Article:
"Beatrice" came in for her annual gyn exam. I hadn’t seen her in a few years but I knew she was a very busy workingwoman whose job often required travels abroad. I knew she didn’t like to miss her visits but sometimes her life just got too overscheduled for her annual exams. Beatrice is smart, quirky, bold and big. Everything about her is oversized. She is full bodied and full breasted with a personality to match. During previous visits, she often had me laughing hard enough I couldn’t continue my line of inquiry or her exam. She liked cracking me up! So, with this, I entered the exam room looking forward to her breaking up my day with humor and humility. Little did I know, this year, she would raise the bar on admiration, as well.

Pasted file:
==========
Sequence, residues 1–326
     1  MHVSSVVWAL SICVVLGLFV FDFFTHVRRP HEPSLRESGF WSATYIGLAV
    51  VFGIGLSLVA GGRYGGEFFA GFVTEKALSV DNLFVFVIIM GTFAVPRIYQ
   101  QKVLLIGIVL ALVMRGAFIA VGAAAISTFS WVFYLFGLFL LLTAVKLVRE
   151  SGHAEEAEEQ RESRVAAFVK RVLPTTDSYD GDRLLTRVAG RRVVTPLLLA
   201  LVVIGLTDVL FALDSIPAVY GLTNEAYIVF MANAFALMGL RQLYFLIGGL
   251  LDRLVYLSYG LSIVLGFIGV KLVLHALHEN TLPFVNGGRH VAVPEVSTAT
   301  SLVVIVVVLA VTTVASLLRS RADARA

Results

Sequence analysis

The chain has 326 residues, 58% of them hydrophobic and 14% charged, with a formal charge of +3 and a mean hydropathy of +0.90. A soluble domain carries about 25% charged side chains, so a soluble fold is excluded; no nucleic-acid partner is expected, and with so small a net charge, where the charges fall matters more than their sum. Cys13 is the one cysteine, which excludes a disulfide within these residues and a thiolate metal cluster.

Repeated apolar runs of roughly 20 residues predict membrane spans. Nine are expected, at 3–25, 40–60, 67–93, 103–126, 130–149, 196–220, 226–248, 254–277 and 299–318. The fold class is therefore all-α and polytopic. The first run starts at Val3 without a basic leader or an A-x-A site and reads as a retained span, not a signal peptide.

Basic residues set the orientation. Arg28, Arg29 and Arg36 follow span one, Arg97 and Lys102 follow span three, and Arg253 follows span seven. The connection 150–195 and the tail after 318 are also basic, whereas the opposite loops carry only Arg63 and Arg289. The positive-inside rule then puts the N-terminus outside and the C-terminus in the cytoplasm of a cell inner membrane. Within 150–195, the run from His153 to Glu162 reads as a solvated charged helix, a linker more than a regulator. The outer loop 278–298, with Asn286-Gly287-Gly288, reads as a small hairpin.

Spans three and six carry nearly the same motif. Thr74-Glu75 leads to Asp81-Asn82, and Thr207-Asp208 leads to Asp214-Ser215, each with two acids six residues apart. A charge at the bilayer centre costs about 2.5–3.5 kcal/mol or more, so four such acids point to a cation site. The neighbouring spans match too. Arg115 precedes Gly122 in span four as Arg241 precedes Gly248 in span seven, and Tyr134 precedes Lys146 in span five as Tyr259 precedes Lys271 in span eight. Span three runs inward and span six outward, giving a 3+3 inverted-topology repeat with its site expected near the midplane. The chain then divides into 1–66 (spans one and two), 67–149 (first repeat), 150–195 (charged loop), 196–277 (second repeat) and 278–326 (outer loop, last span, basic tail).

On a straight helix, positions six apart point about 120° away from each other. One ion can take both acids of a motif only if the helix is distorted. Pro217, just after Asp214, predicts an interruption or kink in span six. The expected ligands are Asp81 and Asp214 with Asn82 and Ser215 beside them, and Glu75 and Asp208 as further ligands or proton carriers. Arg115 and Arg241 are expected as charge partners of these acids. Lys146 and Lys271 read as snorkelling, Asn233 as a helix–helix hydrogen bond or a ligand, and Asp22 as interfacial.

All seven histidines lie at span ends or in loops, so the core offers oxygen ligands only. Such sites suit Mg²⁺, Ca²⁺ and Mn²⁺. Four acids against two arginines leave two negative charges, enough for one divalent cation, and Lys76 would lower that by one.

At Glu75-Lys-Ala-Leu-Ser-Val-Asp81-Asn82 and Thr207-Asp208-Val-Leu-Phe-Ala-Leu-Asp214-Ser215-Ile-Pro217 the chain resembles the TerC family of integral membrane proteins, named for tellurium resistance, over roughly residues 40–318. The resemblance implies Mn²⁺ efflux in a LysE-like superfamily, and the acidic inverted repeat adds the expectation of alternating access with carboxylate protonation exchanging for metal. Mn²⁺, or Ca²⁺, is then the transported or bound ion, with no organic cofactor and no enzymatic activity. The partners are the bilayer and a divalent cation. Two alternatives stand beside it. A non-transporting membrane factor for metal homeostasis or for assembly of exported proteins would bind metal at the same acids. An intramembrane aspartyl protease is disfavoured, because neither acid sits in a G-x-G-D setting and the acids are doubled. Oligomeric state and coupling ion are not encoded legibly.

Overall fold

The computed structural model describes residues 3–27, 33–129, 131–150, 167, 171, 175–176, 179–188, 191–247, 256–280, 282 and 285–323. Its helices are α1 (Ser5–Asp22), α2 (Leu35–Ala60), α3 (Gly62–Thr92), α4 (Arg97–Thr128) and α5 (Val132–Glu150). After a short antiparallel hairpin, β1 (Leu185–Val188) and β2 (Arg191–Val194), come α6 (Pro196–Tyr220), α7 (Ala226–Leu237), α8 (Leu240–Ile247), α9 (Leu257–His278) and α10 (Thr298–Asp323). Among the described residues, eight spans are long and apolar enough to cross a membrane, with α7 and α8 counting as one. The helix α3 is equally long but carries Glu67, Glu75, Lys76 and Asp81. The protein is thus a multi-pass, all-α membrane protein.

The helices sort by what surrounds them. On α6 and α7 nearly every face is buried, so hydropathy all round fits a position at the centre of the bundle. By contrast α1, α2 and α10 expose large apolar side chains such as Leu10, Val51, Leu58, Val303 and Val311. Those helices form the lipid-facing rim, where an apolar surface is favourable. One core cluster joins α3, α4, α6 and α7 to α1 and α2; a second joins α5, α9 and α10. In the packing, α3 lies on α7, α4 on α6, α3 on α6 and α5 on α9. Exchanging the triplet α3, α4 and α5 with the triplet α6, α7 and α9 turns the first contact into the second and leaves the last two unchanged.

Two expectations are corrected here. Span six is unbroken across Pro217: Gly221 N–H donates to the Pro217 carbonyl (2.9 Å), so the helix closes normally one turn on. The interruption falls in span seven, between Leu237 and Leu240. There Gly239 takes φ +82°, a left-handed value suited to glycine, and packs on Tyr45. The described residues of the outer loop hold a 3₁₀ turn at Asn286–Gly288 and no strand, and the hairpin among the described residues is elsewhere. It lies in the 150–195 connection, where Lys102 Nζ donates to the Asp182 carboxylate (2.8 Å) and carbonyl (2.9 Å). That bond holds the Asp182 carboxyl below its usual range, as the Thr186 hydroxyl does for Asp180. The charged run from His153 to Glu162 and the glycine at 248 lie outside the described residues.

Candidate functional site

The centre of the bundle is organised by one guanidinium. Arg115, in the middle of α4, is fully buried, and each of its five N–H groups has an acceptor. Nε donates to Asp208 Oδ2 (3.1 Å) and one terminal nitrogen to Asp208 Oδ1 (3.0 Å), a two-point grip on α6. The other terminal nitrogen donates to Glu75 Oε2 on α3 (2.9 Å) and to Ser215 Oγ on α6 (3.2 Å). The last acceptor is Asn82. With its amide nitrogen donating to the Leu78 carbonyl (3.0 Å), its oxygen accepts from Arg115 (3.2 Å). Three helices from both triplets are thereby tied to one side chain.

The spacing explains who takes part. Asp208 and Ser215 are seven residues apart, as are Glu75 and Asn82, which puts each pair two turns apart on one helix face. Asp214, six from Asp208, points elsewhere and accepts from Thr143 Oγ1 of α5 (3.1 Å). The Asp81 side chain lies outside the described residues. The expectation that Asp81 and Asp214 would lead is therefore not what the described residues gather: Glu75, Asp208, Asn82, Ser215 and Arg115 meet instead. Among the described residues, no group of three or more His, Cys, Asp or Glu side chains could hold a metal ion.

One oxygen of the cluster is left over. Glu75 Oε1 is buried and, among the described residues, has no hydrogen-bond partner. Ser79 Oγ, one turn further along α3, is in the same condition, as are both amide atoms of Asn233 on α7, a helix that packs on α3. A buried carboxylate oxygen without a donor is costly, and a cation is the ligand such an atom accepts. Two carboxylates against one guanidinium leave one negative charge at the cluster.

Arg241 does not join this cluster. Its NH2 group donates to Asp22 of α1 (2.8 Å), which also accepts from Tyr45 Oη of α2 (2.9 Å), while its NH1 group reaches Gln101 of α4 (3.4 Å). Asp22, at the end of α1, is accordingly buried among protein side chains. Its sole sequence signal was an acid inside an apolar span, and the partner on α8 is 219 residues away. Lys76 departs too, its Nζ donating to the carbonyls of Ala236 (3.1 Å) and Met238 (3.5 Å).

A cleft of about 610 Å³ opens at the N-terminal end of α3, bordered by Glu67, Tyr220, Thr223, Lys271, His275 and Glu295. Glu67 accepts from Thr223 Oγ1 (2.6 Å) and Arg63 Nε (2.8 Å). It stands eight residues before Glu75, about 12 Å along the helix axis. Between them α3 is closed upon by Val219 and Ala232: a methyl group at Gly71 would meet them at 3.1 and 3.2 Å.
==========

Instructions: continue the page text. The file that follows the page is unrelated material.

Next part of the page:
She and I were talking about her past few years and she told me she had a "breast reduction". I asked her about the surgery and had it gone well and was she pleased with the results. She responded by saying “it certainly was the best way of getting rid of cancer and getting new boobs at the same time”.